My visit to Isabela Island on the Galapagos began pleasantly, with a look at some flamingos and tortoises, followed by a face-to-face encounter with penguins and marine iguanas. But it didn’t end that way: there was more adventure awaiting me, for better or for worse.
We tend to think of the Galapagos as a bunch of flat, rocky lowlands filled with strange creatures. But in fact, the volcanoes that formed these islands are still there, rising high above the shorelines. Some are still active. The most noted volcano on Isabela Island is called Cerro Negro, and it occurred to those planning my tour that climbing it would make for a good day in the Galapagos.
“Climb it” may be an exaggeration: for the most part, the trail up Cerro Negro is a long, slow uphill slog, within the abilities of most physically active people. And those who conquer the five-hour hike are rewarded with a look at an amazing variety of landscapes – and weather.
That’s where the problem comes in. As we drove up into the highlands toward the mountain, through surprisingly lush tropical farmland (yes, there are farms on the Galapagos), the weather turned from steamy hot to chilly and then rainy. That’s par for the course at this altitude, and we were warned to bring something warm, and to wear good hiking shoes, since the trail was muddy. That was the understatement of the day.
It was raining when we started our climb, and a mile or so up the misty trail, the footing turned from soft to treacherous. Big pools of water blocked the way, forcing our whole group to clamber up the sides of the trail on narrow footpaths that had been churned into slick mud. Slipping and sliding, I ploughed my way through, managed to avoid falling a few times, and came out the other side covered with only a foot or so of mud.
Once past the mud pools, the way turned firm again, and about a half-hour later the landscape changed to scrub forest. Then we entered what looked like a brown, rocky moonscape filled with spindly cactus. We had reached the upper regions of the volcano, a place like none I’d ever seen before, .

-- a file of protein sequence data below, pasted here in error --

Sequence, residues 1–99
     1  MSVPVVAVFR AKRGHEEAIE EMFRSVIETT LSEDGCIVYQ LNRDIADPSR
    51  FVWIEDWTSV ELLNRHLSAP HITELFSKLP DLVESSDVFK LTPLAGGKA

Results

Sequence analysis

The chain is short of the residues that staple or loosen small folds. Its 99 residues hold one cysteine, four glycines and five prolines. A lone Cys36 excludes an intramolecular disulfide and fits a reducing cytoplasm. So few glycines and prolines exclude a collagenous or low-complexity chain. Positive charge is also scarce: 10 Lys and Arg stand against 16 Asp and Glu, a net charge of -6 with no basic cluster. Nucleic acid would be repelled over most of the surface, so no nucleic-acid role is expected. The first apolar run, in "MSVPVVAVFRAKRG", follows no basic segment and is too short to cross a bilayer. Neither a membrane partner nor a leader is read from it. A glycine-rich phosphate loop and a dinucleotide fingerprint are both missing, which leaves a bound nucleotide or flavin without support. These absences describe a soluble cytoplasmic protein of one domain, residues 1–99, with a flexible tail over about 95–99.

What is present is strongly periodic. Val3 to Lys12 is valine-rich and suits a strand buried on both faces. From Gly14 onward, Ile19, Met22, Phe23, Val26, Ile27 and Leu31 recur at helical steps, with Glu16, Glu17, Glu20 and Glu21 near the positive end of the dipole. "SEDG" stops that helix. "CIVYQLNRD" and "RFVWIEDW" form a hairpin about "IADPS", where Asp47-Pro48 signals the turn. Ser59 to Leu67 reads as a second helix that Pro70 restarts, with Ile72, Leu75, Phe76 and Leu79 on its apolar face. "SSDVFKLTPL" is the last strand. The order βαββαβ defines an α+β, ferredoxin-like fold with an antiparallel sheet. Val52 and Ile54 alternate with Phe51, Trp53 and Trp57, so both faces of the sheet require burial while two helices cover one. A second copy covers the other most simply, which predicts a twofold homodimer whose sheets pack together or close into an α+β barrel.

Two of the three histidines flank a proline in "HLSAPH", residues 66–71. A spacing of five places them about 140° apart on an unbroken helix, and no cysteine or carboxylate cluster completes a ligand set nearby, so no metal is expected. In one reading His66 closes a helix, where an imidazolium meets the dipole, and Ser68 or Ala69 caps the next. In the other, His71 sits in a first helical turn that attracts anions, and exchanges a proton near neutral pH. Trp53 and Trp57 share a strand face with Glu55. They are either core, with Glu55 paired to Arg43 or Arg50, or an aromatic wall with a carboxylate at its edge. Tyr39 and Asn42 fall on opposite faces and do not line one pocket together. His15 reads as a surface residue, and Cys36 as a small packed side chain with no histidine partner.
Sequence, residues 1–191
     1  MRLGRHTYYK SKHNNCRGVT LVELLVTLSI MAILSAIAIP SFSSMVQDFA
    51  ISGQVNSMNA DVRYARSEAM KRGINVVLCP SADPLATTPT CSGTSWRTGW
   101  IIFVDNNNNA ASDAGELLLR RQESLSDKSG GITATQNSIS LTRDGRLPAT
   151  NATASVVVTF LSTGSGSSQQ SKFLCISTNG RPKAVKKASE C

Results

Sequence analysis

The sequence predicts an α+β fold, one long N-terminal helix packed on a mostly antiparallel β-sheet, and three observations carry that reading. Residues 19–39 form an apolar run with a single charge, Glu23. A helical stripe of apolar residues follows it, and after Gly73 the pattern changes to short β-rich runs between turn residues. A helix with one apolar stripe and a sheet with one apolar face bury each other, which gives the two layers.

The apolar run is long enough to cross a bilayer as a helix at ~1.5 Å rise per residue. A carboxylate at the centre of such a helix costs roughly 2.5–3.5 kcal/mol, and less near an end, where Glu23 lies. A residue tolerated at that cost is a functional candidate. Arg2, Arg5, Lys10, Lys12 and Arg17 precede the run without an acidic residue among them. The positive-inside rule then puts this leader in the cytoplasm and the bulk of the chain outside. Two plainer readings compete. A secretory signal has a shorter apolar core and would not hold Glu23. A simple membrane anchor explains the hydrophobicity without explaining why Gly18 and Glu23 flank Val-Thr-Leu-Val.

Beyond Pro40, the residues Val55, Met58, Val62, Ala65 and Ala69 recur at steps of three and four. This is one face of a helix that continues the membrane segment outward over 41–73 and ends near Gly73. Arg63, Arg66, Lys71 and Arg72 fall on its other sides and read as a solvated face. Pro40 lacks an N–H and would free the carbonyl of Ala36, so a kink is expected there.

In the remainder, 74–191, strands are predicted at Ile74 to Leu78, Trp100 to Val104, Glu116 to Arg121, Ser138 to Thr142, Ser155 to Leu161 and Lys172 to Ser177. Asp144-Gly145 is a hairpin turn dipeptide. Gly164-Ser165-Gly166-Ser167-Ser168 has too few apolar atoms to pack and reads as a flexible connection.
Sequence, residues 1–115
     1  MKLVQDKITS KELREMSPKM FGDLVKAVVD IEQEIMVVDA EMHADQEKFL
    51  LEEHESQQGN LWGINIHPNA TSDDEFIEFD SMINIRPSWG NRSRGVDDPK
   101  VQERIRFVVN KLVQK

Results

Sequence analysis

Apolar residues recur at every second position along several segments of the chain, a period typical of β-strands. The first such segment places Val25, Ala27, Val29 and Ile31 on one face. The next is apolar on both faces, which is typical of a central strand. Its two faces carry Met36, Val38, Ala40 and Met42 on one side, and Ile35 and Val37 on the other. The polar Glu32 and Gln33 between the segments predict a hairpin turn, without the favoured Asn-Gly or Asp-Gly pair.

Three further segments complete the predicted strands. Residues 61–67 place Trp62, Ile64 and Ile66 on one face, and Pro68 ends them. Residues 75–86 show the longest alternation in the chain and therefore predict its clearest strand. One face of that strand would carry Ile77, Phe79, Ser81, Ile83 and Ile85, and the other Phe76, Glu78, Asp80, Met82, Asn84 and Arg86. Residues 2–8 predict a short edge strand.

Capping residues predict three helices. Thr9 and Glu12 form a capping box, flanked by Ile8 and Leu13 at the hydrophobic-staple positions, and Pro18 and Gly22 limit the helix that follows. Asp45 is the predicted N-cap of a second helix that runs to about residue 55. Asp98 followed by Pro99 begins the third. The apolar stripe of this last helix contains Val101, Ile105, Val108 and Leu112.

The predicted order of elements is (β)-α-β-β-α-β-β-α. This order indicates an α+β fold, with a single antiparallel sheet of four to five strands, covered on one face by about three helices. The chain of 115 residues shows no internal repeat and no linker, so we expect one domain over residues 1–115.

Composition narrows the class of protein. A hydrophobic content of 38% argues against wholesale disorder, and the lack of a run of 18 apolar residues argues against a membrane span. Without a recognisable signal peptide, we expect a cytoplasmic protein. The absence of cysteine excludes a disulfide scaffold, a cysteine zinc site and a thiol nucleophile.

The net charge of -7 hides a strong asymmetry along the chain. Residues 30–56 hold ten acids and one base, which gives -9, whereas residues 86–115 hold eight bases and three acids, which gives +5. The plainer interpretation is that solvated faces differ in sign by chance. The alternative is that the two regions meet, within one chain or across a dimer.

Huge craters and sinkholes appeared, plunging hundreds of feet into the earth. Strange-looking rock littered the pathway, filled with swirls of earthy colours. This was the earth’s blacksmith shop, where natural features are formed with fire and minerals from the molten mass beneath the crust.
We stopped for lunch on the peak, looking over a landscape filled with small mountains ripped open by volcanic eruptions. Far away, through the late morning haze, we could see the blue ribbon of the sea.
At last we headed for home, winding up and down the rocky path that led through this Hobbit-like landscape. And adjusting our clothing: conditions changed constantly up here, from hot to cold to windy to rainy, all within 10 minutes. Cover up, strip down, cover up again …
By now I was starting to feel my age. My legs were still working, but they weren’t enjoying it as much, and the last thing I wanted to see was those mud pools again. But here they came, and for the second time I struggled up the steep slopes, cursing the group members who’d hired horses to carry them cleanly through the muck (why didn’t someone tell me about that?).
I tried walking on the grass beside the muddy paths, and that worked for a while, giving me a precious foothold. But sooner or later a climb appeared that I couldn’t avoid, and halfway up the slope my footing gave way and I lost my balance. With a helpless groan, I plunged knee-first into a deep, sticky patch of mud.
A pair of friendly Brits helped pull me out, and we staggered on, slipping and sliding, until the way turned clear again, and finally we could see the parking lot with the bus to take us home. I rode back covered in mud to the knees, and wearing a few scrapes to remind me of my eventful day in the Galapagos.
The mud washed off (well, most of it) in time for my 3 o’clock boat to Santa Cruz Island. And after some serious scrubbing, the shoes survived to live another day. But the experience may have had a more lasting effect: I was the oldest hiker in the group, by far, and I was the one who had the most trouble – was it time to leave some of the adventure to the young?
To be fair, even at 65, I found I could handle the hiking, even when it got steep. But when the going got rough and muddy, and the footing precarious, I just didn’t want to be there. If aging is about resetting your limits to match your abilities, maybe I’d just found the spot to reset mine.
It’s true that we all have our own travel style, formed by our tastes and our limitations. And as we age, most of us change our style, trading in some of the hard adventure for adventures in learning, or in food and wine. And that’s all right: how many 60-year-olds really want to careen down a hill on a mountain bike, anyway? Bones break more easily at our age.
I guess the moral is: if you still want to do it, give it a try — I’ve seen pictures of people zip-lining at 90. But if it’s starting to seem like too much, maybe it is: could be time to change your style.